vrijdag 22 juni 2018

Enlightened Corners – The Russia 2018 World Cup


21 June 2018

London 2012 – A 'Festival Of Light'

By contrast, the London 2012 Olympic Games' opening ceremony was widely hailed as 'a masterpiece'. For The Daily Telegraph it was 'brilliant, breathtaking, bonkers and utterly British'. The BBC's chief sports writer Tom Fordyce commented: 'no-one expected... it would be quite so gloriously daft, so cynicism-squashingly charming and, well, so much pinch-yourself fun'.
'Cynicism', which certainly had been 'squashed', was off the agenda. In an article titled, 'Festival of Light', The Times preached from a patriotic pulpit:
'From London these next few weeks will come joy in a time of trouble, will come spectacular feats and great human dramas, will come triumph and will come tears. The great dream of the Olympic founders, that the Games would eliminate war, was naive. But they can at least unite us in common endeavour. Mankind has many moments of great darkness, but this will be a festival of light.
'Yesterday's opening ceremony was a triumph. Adventurous, self-confident, playful, entertaining and all with a sense of history. It was suffused, in other words, with the spirit of the Games to come... Festival of Light: Great feats of athletic ability; great unscripted stories of triumph and disaster; a great sense of national spirit. Britain will rise to a shining occasion... For our country, as well as the athletes from around the world, this is a time to shine.'
This was a time to exalt in Britain's greatness, 'a time to shine'. It was not a time to sneer at 'our' great wars of aggression.
In an article titled, 'Let's build on the triumph and hope of Danny Boyle's night', the Observer's editors also waxed lyrical on the opening ceremony:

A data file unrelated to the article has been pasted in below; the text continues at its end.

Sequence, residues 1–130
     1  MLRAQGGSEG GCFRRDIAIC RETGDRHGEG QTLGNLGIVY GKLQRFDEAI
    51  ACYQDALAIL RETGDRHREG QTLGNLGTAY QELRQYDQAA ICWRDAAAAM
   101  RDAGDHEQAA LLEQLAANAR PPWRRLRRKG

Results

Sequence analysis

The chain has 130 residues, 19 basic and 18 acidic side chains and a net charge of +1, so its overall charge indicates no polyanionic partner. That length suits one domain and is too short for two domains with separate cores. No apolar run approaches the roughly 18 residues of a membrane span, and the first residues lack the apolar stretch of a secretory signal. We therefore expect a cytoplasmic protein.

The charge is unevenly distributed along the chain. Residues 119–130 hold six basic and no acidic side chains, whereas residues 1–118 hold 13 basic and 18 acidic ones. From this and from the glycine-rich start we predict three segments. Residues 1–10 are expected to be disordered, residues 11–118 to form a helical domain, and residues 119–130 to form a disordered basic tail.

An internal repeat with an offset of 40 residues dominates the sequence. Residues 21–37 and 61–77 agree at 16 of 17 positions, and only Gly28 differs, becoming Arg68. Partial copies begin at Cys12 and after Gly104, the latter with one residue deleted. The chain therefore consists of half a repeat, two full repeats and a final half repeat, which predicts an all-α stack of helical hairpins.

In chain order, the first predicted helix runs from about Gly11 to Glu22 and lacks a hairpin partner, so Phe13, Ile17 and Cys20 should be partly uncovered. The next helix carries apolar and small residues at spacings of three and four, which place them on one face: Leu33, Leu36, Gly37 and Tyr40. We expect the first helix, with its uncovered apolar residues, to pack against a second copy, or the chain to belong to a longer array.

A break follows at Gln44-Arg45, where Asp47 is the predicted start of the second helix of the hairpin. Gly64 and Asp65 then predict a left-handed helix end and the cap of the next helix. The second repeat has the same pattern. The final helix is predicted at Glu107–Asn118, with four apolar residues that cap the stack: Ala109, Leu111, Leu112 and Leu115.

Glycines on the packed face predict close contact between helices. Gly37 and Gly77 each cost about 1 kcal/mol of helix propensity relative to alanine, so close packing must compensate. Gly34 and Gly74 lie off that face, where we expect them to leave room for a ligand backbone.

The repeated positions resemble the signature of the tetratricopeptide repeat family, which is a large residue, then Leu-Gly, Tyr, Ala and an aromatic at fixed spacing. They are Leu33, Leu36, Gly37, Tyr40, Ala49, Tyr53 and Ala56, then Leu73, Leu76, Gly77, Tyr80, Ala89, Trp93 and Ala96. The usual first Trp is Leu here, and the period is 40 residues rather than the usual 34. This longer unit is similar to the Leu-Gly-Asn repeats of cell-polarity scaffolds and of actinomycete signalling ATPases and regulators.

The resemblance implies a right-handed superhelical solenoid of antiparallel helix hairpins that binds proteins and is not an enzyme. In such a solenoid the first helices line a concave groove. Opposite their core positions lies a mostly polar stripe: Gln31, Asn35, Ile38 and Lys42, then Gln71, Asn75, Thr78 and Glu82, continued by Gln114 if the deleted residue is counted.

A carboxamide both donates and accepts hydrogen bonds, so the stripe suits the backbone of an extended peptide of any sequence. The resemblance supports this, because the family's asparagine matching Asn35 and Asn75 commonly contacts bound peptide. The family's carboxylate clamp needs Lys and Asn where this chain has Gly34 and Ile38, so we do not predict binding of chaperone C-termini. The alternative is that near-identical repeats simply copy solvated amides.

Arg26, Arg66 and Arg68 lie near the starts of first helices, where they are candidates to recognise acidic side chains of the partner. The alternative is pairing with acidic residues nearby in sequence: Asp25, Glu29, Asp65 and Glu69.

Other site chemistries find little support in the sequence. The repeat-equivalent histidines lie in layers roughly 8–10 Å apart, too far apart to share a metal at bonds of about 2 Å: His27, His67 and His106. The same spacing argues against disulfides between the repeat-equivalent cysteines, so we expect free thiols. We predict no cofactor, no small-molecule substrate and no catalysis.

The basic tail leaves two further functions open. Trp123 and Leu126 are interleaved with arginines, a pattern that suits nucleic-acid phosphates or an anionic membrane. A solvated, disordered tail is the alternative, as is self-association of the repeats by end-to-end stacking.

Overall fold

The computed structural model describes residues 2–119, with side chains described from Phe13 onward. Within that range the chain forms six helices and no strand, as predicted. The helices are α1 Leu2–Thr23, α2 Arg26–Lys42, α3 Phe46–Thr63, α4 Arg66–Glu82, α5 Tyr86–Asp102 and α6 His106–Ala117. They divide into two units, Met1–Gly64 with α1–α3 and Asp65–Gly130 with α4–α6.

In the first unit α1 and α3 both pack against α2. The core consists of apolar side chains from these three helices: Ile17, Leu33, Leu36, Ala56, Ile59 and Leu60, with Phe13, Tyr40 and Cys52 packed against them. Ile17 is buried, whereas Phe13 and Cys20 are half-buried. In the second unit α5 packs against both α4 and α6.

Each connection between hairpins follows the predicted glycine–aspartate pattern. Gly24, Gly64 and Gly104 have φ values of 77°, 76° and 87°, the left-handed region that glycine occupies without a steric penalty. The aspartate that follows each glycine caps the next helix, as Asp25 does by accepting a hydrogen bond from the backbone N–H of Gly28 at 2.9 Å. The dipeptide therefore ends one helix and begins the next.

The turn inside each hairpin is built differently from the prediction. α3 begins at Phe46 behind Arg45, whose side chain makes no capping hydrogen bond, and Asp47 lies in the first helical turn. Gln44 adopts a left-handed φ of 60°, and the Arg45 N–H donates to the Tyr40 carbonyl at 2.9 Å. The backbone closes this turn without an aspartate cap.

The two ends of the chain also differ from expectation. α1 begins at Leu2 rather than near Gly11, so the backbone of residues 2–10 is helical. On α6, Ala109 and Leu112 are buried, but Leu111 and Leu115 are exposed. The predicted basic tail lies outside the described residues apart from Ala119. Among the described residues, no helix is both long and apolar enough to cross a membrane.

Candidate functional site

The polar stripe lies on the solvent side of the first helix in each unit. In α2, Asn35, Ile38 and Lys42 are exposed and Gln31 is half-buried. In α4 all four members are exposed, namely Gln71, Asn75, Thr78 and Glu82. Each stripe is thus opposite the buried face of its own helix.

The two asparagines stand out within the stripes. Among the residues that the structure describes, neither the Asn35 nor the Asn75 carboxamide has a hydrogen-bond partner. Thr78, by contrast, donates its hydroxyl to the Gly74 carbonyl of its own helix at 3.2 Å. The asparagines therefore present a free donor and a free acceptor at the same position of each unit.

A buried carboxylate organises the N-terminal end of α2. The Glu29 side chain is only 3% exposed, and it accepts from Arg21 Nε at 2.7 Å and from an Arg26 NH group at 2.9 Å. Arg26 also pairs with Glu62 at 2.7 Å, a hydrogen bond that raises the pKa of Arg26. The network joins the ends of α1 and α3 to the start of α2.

'Sport has a special hold on the imagination. This is sport of the most special kind. We didn't drop the torch. We didn't foul up or shrink from the daring option. We put creativity first. Now, why on earth should all that go hang when it's all over?'
The Observer sought out any remaining readers not yet reduced to tears of patriotic joy:
'It sought to sum up a country - a very multicultural land manifestly - which had played a full part in world literature, world construction, world invention (even if very few of those feats are taught in our core curriculum these days). It was anxious to show us, in short, that we'd mattered - and hint that we could perhaps matter again.' (Leading article, 'London 2012: Let's build on the triumph and hope of Danny Boyle's night,' The Observer, 29 July 2012)
Jonathan Freedland wrote in the Guardian:
'Here too the opening ceremony set the tone, suggesting that we should love the country we have become – informal, mixed, quirky – rather than the one we used to be.'
Freedland soared on a reverie of poetic possibility. The Olympics had offered hope of a place 'where patriotism is heartfelt, but of the soft and civic rather than naked and aggressive variety; a place that welcomes visitors from abroad and cheers louder for the Turkish woman who came last in a 3,000m steeplechase heat than it did for the winner.
'This is the Britain we let ourselves see these past two weeks. It will slip from view as time passes, but we are not condemned to forget it. We don't have to be like the long-ago poet who once wrote: "Did you exist? Or did I dream a dream?"'
The sublime, lovely and inspirational were everywhere in reviews of the London 2012 opening ceremony and Games.
Three weeks before the ceremony, Amnesty International published a report, 'Libya: Rule of law or rule of militias?', based on the findings of an Amnesty visit to Libya in May and June 2012.
The militias, Amnesty reported, were now 'threatening the very future of Libya and casting a shadow over landmark national elections... They are killing people, making arbitrary arrests, torturing detainees and forcibly displacing and terrorizing entire communities... They are also recklessly using machineguns, mortars and other weaponry during tribal and territorial battles, killing and maiming bystanders. They act above the law, committing their crimes without fear of punishment.'
Amnesty added:
'The entire population of the city of Tawargha, estimated at 30,000, was driven out by Misratah militias and remains scattered across Libya, including in poorly resourced camps in Tripoli and Benghazi.'
None of this was up for discussion by Britain's sports writers and broadcasters, nor even by its political commentators. It would have been deemed as outrageous for journalists to mention UK realpolitik then as it would for them to not make at least some passing reference to brutal Russian realpolitik now.
DE

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